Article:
Admiral’s Okinawa Rape Remark Creates Furor : Diplomacy: Japanese remain incensed despite Pacific commander’s resignation after insensitive comment.
Vice President Al Gore stepped off Air Force Two on Saturday and into a political maelstrom caused by a U.S. admiral’s insensitive remarks about the abduction and rape of an Okinawan schoolgirl.
The crime, allegedly committed by three American servicemen, has inflamed passions in Japan against the U.S. military presence on Okinawa and strained Washington’s relations with Tokyo.
Adm. Richard C. Macke, commander of all U.S. military operations in the Pacific, agreed to early retirement Friday, hours after saying the servicemen should have hired a prostitute.
“I think that it was absolutely stupid, I’ve said several times,” Macke, 57, said during a breakfast interview with defense writers. “For the price they paid to rent the car, they could have had a girl.”
Macke, who commands 330,000 U.S. troops in the Pacific and Asia, issued a statement of apology after making the comment. But it was not enough, and his decision to retire early was announced by Defense Secretary William J. Perry on Friday night after Perry met with Macke at the Pentagon.
Administration officials said privately that top Pentagon and White House officials were furious over the comments.
In Osaka, where Japan is hosting a Pacific Rim trade summit, U.S. Ambassador Walter F. Mondale issued a swift apology--but the damage was done. Okinawans and women’s activists were outraged, and Japanese government officials were incredulous.
“I absolutely cannot believe this statement,” Foreign Minister Yohei Kono told reporters.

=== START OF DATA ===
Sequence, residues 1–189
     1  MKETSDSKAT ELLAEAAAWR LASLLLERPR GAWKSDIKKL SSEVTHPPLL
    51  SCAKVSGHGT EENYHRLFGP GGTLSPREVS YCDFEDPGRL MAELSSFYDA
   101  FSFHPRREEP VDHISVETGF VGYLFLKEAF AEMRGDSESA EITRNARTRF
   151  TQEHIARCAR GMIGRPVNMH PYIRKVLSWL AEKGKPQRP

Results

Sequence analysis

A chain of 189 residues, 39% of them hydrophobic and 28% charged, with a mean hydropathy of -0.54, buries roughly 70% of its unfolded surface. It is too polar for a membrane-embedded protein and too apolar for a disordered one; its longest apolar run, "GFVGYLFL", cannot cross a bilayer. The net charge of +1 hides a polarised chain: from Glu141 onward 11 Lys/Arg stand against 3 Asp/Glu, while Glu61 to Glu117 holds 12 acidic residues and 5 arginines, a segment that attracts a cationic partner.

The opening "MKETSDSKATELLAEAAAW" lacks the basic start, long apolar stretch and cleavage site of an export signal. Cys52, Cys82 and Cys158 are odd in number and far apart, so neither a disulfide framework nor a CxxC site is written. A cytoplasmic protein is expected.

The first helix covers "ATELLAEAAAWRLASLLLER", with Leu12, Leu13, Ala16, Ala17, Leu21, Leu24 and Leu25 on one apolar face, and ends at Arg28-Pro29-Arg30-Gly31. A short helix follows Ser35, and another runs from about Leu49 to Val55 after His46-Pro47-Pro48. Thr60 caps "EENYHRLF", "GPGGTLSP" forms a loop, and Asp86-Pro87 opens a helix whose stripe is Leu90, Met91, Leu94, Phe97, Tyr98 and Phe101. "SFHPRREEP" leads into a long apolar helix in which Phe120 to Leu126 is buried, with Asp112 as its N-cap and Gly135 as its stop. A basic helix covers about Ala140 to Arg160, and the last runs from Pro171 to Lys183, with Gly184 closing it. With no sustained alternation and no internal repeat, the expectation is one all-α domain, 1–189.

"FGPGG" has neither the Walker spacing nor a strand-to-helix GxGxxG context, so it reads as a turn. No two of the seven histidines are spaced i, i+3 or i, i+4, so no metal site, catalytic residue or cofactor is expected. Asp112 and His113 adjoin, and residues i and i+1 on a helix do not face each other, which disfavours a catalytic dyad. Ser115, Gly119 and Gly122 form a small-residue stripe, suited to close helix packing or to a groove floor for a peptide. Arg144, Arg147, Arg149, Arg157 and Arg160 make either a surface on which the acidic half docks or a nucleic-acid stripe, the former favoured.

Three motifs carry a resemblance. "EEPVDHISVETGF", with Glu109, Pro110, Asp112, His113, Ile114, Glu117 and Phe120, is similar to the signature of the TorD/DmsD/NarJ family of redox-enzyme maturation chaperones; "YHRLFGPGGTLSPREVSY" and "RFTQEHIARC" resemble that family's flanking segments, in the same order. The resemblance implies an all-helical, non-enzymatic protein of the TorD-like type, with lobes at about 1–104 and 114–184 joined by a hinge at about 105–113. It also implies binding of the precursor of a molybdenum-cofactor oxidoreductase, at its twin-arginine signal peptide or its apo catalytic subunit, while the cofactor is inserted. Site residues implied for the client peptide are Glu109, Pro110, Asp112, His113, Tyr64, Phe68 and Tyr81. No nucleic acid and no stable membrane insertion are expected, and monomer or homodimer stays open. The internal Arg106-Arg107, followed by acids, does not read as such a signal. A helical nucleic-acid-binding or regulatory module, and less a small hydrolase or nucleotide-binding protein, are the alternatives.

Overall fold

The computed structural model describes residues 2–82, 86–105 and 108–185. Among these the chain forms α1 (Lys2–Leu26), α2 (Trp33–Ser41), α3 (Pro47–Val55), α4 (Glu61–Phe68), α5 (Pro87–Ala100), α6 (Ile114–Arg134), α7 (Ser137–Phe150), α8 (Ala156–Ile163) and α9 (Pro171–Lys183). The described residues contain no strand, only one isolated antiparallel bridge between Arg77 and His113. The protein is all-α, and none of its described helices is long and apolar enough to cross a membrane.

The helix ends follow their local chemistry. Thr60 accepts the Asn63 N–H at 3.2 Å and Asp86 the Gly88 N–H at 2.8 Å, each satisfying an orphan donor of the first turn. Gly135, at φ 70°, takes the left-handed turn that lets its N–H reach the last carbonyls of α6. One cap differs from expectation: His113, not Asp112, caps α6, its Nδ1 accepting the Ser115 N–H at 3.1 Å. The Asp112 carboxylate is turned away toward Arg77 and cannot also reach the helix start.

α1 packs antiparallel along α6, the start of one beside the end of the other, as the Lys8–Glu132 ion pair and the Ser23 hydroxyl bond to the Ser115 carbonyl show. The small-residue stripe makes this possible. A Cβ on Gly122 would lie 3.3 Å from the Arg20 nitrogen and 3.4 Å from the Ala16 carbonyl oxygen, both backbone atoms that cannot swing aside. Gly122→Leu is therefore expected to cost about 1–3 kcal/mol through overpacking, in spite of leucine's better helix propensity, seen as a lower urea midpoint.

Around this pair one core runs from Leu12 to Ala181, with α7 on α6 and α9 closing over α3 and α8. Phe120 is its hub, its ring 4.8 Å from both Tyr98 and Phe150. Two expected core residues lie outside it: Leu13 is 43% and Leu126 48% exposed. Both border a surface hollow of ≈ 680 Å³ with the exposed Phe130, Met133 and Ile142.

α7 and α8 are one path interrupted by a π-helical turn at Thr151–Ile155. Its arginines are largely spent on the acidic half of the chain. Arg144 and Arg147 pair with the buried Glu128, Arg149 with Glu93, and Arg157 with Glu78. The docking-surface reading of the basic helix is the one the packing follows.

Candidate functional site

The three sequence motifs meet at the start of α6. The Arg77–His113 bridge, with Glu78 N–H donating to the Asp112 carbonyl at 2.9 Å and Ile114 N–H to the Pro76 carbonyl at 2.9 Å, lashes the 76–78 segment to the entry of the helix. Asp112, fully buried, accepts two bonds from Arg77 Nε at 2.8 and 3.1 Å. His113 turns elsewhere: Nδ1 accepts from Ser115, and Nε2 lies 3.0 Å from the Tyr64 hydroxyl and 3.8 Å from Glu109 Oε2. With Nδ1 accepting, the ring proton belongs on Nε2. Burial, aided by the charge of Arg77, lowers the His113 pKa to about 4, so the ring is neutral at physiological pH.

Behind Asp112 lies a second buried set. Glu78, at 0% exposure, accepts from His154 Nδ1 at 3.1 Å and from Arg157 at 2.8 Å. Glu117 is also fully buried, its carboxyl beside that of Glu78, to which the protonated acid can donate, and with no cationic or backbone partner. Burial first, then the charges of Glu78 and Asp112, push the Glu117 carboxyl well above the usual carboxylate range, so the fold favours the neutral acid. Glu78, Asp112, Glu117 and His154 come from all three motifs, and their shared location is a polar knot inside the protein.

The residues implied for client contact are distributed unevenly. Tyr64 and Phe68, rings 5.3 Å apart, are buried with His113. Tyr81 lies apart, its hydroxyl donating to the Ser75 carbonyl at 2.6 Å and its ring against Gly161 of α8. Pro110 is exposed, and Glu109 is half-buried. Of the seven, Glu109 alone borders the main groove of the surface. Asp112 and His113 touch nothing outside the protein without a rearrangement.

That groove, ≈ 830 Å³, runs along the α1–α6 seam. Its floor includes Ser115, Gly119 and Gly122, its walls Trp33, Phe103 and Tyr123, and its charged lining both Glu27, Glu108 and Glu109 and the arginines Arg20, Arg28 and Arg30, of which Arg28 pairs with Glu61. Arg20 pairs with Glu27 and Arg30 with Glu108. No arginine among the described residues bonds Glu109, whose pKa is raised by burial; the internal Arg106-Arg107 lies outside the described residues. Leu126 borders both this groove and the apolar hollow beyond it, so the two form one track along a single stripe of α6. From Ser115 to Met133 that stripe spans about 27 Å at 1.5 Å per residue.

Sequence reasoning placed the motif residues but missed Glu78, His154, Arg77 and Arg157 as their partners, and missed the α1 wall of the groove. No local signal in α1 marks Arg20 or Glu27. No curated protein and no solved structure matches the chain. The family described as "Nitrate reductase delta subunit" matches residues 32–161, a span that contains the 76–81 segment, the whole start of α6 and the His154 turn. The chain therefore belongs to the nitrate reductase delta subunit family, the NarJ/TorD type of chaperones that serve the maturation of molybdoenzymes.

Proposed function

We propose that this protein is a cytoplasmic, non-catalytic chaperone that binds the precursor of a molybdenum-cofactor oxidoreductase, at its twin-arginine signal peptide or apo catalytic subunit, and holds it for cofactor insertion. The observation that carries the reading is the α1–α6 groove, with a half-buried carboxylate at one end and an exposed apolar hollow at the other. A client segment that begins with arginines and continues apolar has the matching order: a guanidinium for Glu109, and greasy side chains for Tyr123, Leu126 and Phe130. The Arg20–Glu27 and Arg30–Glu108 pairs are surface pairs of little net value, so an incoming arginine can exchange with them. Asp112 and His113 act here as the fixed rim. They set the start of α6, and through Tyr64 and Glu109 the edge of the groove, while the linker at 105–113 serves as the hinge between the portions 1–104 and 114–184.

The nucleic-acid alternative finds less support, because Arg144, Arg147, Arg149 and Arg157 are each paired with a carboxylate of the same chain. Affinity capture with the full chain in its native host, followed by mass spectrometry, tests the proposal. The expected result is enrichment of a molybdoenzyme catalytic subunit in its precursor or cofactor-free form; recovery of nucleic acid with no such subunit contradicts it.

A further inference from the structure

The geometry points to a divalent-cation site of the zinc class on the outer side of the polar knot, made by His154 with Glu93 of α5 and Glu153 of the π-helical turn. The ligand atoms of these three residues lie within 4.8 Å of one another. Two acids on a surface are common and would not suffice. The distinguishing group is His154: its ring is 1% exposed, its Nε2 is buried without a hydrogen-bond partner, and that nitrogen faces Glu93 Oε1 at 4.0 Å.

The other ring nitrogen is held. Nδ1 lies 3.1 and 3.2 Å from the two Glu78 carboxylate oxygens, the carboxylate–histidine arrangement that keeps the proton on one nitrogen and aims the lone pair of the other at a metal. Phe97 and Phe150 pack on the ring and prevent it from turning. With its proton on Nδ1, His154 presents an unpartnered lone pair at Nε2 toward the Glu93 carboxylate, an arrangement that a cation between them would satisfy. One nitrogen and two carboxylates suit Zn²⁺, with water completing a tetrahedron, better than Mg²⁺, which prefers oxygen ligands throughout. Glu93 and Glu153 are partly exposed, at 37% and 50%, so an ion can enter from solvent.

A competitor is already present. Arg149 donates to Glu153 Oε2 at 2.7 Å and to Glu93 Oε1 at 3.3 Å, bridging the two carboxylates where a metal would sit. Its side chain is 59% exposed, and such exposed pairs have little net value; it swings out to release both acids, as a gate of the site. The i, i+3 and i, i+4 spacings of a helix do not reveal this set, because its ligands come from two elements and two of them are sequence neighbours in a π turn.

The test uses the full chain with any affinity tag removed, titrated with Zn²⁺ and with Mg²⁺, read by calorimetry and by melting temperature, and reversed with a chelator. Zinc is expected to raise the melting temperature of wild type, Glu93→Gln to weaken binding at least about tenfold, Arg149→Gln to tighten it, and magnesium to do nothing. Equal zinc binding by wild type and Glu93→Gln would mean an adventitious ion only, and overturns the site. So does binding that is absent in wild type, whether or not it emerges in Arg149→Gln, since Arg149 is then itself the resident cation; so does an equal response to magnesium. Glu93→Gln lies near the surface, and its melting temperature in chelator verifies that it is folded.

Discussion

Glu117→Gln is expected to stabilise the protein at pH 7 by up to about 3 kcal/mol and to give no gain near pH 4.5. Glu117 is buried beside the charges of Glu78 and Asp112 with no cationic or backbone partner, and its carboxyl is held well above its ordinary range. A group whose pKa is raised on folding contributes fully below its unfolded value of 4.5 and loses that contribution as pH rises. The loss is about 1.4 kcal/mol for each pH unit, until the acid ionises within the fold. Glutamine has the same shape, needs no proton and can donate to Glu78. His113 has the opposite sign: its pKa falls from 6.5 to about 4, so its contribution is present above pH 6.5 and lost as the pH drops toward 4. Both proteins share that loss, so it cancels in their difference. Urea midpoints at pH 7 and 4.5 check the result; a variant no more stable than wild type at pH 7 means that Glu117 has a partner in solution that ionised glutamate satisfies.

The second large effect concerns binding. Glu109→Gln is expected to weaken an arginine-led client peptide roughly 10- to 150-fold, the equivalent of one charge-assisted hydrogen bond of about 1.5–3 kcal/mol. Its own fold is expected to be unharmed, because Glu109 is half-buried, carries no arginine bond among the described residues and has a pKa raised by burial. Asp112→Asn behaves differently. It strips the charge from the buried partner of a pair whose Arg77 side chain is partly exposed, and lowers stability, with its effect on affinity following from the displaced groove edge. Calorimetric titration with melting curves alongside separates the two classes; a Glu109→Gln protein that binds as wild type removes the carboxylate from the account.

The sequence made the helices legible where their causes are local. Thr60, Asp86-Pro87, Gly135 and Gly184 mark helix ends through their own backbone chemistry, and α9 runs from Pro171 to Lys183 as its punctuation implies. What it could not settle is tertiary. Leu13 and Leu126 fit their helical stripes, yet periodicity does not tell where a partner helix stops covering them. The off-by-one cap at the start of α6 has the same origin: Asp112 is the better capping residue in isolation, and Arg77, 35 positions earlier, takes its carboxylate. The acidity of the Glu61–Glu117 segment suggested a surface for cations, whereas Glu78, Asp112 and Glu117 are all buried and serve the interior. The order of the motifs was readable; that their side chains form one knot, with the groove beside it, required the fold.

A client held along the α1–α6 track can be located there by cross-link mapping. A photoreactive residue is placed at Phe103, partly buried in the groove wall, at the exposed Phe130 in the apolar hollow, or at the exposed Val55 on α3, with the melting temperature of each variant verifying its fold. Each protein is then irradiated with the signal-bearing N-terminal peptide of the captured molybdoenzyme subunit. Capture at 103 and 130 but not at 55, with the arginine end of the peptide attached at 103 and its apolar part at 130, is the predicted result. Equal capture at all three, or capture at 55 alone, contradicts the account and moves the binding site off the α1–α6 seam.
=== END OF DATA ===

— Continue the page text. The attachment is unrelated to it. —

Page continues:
Chief Foreign Ministry spokesman Hiroshi Hashimoto said Mondale had met with Kono and explained that the admiral’s comment “doesn’t reflect the Clinton Administration’s position.”
“I hope the Okinawans will understand that,” Hashimoto said.
They didn’t. Fumiko Maeda, head of the Okinawa chapter of a national women’s group, said Macke’s statement trivialized the brutality of the attack and degraded Japanese women.
“The remarks are unforgivable,” she said. “Each time we have swallowed our anger and sorrow, but we can’t stand it any more.”
“Macke insulted all of us women and the Japanese,” echoed women’s rights activist Noriko Yamaguchi.
Among the people meeting Gore’s plane was Okinawa Gov. Masahide Ota, who has called the U.S. military “uninvited guests” and is refusing to force landowners to renew base leases.
The vice president, filling in at the summit because President Clinton was kept home by the U.S. budget standoff, will meet with Prime Minister Tomiichi Murayama today. The U.S. military presence in Japan is to be among the matters discussed.
Both the U.S. and Japanese governments had hoped that the Clinton visit would help to lay the Okinawa controversy to rest.
The rape, and discontent over the heavy U.S. troop presence, has set off massive protests on tiny Okinawa, where nearly one-fifth of the island is leased to the U.S. military.
One of the three servicemen has pleaded guilty to the rape, while the other two have acknowledged helping to plan and carry it out.